There can be no denying at music streaming is the way forward in music. With every passing year, the amount of music streamed on all the best-known music platforms increases, and trillions of songs are streamed each year with the figures climbing as members of the public catch onto the concept of streaming music in a big way. Over 100 million people worldwide pay to stream music worldwide with many more taking advantage of free streaming services.
It's no wonder that streaming music is great for consumers. They can listen to any kind of music that takes their fancy, whenever they like, wherever they like, and they can either do this completely for free or for a very low monthly cost. It's no wonder that music lovers can't wait to sign up.
However, what about artists profits? How can they earn money when consumers stream music?
Hundreds of singers and bands within the music industry have complained for years about how hard it is to earn money from music when people would rather use Spotify or Apple Music than buy a CD. So, what exactly do artists earn from these streaming sites?
When people stream music, there isn't a single flat rate which is paid for each song. In fact, the amount paid for each play of a song will vary depending on several factors. Usually, however, the amount is under a penny a stream. The amount below this will differ depending on the service, the location of the person who is listening and the deal terms which the record label has forged with the artist in question.
This means that when it comes to artists profits, it's virtually impossible to define a precise figure. However, there are a few estimates out there which give a good idea of how much artists can expect to receive per play:
Although it doesn't sound like a lot, these amounts add up rapidly.
Different streaming sites will pay artists different amounts. Apple Music and Tidal, for example, take pride in trying to increase how much artists are paid per play. Some sites have rates that are set by the government which are unable to be negotiated due to the Copyright Royalty Board. Other streaming services use a formula which dictates how much each artist will be paid. This means that there is no easy way to work out just how much artists will earn from each play.
If we look at things on a monetary level, it is always best for the artist if listeners buy their chosen song direct from the artist themselves or, alternatively from digital services such as iTunes. Spotify and YouTube streaming are great for consumers but not so much for artists when it comes to money and profits. It's also important to remember that artists then have to share their profits with their agent, manager, and record label as well as any session musicians or others who had a hand in producing the track.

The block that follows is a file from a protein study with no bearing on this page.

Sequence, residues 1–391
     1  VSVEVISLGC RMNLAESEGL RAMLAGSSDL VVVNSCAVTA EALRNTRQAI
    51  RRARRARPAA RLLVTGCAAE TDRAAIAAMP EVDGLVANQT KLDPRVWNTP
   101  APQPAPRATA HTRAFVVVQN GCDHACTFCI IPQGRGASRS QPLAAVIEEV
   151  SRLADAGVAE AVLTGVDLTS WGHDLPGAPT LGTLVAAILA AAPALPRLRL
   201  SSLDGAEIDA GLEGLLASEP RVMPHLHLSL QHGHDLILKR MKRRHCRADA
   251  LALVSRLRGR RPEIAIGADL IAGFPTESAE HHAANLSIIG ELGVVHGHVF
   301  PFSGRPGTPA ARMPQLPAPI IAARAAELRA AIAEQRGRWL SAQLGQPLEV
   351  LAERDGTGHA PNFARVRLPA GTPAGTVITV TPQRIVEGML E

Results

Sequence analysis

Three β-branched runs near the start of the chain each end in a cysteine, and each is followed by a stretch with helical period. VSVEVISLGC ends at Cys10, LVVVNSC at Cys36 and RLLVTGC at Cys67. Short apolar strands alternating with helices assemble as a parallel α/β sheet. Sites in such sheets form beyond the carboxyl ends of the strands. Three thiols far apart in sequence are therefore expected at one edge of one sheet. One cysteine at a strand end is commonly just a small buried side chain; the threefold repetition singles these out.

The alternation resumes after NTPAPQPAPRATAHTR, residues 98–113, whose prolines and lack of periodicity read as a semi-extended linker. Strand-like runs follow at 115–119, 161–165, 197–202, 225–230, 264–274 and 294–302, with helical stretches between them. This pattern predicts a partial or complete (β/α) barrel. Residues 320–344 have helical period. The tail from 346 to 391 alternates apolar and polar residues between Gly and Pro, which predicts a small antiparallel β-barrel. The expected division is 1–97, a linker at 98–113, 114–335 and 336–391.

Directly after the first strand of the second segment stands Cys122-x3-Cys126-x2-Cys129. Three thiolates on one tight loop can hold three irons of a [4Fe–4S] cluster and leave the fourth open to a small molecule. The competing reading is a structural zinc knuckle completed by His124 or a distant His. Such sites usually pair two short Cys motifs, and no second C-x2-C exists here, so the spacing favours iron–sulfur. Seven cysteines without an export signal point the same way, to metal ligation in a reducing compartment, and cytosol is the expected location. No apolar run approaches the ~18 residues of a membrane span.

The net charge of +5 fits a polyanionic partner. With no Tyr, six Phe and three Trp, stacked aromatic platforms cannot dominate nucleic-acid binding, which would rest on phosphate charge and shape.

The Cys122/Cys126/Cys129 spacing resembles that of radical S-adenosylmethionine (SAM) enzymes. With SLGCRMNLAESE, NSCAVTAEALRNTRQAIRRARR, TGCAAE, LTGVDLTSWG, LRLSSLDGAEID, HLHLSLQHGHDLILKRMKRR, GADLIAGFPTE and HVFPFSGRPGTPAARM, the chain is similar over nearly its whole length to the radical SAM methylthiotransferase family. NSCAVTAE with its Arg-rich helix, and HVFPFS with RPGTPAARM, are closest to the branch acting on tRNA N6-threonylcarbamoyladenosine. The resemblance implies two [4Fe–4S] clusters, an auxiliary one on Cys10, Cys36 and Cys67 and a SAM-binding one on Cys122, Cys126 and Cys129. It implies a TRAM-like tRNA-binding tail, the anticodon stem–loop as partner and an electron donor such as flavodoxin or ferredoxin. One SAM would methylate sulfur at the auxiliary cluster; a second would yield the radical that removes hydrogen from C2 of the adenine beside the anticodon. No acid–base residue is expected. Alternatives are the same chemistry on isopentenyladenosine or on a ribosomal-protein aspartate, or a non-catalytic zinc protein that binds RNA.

So, why do artists bother with allowing their tracks to be streamed? The fact remains that music streaming is one of the best ways to simplify the process for the public to hear their music, and this is enough to make it appealing to singers and bands who want their work to be made available to as wide an audience as possible. Even if the amount made from streaming through Spotify is tiny compared to the amount which they would have made from selling a CD, the pleasure that artists get from sharing their work exceeds the joy they get from checking their bank balance.
For artists, it's, therefore, better to use today's latest technology to allow the public to find their music across as many platforms as possible than to lag behind hoping that people will buy their CDs. The fact remains that if people can find their music and listen to its easily they'll be able to connect with it more effectively and then buy songs and albums, increasing their profits overall.
Although streaming may not, on the surface of things, appear to be the most lucrative option for artists, since it is the most popular option for music lovers everywhere, it is the best choice for any band or singer. When music can be streamed, whether for free or at a cost, it can be made accessible to a wider audience, and that can only mean more music sales in the long run.
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